Gulia

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Gulia (गुळिया) Guliya (गुलिया) [1][2] Gulya(गुल्या) Galia (गलिया) Goleya (गोलेया)/Gulaiya (गुलैया)[3] is a gotra or clan of Jats found in Haryana, Madhya Pradesh, Rajasthan and Uttar Pradesh in India. Dilip Singh Ahlawat has mentioned it as one of the ruling Jat clans in Central Asia. [4] Gali clan found in Afghanistan.[5] They are branch of Gora. [6]

Origin

They have originated from ancient tribe Kulya (कुल्या). They are the same as Kulya / Kuliya of the Puranas. The Markandeya Purana mentions them alongwith the Matsyas in Central India. Matsya Purana mentions a people named Kuliya. [7]

History

Ram Swarup Joon[8] writes that The bard (Bhat) of Gulia clan has written something unbelievable about the origin of this clan.

It seems that he wrote the incident after a long time when the facts had been forgotten. But there is another story which is authentic. Both the versions (as given by the bard and as given in the story) are given below.

According to the bard, during the rule of Prithvi Raj Chauhan), Badli, a village in Rohtak, was ruled by Raja Badra Sen. Two Saiyad Sardars, Nasir Hussain Mashade and Ata-Ulla Mashade came from Kabul to Badli under the leadership, of Bir Saiyed Hussain to destroy Haryana and they became rulers after killing Badra Sen. They employed Roras and Kalals as tillers.

In 1192 Mohammed Ghori was victorious in the battle of Traori and Prithvi Raj was killed. Seven Brahmin soldiers ran away from the field and hid themselves in a temple near a pond three miles south of Badli. They were the sons of Udai Chand Brahmin of Indergarh. Their names were Ausar, Dausar, Rahal, Ashal, Mahal and Chahal etc. They mistook wine as water and drank it. Their purity as Brahmins was thus polluted. They put their sacred threads in a gol (an oval vessel of clay). Therefore they were called Gullia Jats and they settled in Badli as tenants of the Mohammadans. But the story is not believable on the following grounds. Firstly before 1192, at the time of Prithvi Raj Mohammadan never ruled there. Secondly, when they fled from the battlefield they could have gone to Indergarh directly. Thirdly their names sound like those of dacoits and bear no resemblance to the names of their father Udey Chand. Fourthly, wine should not be so easily mistaken for water. No owner of the wine would allow them to spoil his wine by putting their sacred threads in the Gol, (the earthen vessel).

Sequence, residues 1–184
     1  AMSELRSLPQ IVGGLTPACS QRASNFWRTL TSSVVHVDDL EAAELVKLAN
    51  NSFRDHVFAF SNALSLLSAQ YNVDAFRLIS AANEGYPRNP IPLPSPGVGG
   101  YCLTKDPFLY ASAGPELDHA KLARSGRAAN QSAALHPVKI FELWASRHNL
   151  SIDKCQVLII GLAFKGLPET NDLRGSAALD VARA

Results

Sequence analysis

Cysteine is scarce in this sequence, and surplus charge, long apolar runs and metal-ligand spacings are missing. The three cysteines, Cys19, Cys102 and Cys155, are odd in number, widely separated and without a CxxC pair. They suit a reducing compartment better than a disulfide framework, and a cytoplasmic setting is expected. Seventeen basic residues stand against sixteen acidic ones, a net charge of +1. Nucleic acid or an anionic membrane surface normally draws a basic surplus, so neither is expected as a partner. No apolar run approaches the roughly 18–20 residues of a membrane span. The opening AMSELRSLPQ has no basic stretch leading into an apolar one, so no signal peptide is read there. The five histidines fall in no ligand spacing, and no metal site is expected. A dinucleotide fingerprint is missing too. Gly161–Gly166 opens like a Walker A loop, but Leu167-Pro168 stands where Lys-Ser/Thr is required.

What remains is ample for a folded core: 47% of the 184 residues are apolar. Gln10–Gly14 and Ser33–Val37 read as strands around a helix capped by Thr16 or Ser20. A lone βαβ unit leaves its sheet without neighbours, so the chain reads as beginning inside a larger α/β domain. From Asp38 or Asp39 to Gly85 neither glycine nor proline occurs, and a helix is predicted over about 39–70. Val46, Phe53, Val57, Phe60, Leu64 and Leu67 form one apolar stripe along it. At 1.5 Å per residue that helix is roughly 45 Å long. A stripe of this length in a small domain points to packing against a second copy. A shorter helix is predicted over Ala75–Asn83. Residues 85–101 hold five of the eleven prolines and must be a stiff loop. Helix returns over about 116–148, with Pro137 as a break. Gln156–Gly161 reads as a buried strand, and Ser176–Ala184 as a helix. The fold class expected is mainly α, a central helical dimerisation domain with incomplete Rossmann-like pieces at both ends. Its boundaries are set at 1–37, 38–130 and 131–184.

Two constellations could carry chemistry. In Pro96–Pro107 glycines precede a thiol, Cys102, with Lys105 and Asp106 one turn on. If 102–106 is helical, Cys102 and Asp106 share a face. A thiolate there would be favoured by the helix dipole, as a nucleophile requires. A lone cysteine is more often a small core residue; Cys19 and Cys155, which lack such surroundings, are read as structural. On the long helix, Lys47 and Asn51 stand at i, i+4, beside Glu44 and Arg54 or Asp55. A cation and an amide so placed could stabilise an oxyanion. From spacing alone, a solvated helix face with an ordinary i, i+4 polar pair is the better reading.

History of the Jats, End of Page-86


The other story is that, Badra Sen was an officer in the army of Prithvi Raj. Badli Pargana was his estate. He belonged to a Dhulia family of Indergarh. Before the Chauhan rule, Bhadra, Ajmer, Indergarh etc. were the capitals of the Gor Jats. After the death of Prithvi Raj there was chaos in the country. The Khokhar Jats slayed Mohammad Ghori near Multan. There was a woman named Bodli. The village was named Badli in her honour. Sant Sarang Dev's samadhi (shrine) still exists in Badli and is widely worshipped.

These Gulia Jats were very spirited. When Timur was supervising the massacre of Delhi, a Gulia youth, named, Harveer Gulia assaulted him. There are 24 villages of Gulias near Badli (Rohtak district) and two other villages (Rurki and Sabti) a bit away from there. There are 12 more villages across the Jamuna.


Bhim Singh Dahiya[9] tells us: Now coming to the international field. It is noted that certain clans of the Jats are even today called Galat. Inparticular the Mundtor and Guliya clans are so-called. Do they have some connection with the Galataens of Greek writers, the Celt of history of Europe ? This is a point which calls for further research.

Bhim Singh Dahiya has mentioned about a inscription of Wardak near Kabul of the year 51 of Saka era (129 AD), which relates the establishment of the relic of Lord Buddha in a stupa by Vagramarega who is shown as a scion of Kama Gulya. Here it is related with clan name Gulya of the Jats. [10] Wardak is associated with the history of Burdak Jat clan.

According to the bard of the Gulia clan, during the rule of Prithvi Raj Chauhan, Badli, a village in Rohtak, was ruled by Raja Badra Sen. Two Saiyad Sardars, Nasir Hussain Mashade and Ata-Ulla Mashade came from Kabul to Badli under the leadership, of Bir Saiyed Hussain to destroy Haryana and they became rulers after killing Badra Sen. They employed Roras and Kalals as tillers.